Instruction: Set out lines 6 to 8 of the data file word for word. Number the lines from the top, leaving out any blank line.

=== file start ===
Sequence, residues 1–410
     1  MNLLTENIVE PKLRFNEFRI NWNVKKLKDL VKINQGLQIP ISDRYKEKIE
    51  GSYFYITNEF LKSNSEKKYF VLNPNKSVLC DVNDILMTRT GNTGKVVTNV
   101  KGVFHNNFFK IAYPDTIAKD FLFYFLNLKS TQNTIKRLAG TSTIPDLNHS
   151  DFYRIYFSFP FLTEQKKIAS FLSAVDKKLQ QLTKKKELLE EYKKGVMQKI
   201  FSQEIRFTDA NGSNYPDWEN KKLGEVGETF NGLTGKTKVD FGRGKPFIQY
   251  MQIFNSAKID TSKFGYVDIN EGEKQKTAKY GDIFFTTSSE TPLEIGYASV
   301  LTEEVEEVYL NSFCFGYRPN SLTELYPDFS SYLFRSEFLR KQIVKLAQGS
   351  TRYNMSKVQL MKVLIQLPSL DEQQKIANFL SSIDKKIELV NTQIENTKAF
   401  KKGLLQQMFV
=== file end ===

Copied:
   201  FSQEIRFTDA NGSNYPDWEN KKLGEVGETF NGLTGKTKVD FGRGKPFIQY
   251  MQIFNSAKID TSKFGYVDIN EGEKQKTAKY GDIFFTTSSE TPLEIGYASV
   301  LTEEVEEVYL NSFCFGYRPN SLTELYPDFS SYLFRSEFLR KQIVKLAQGS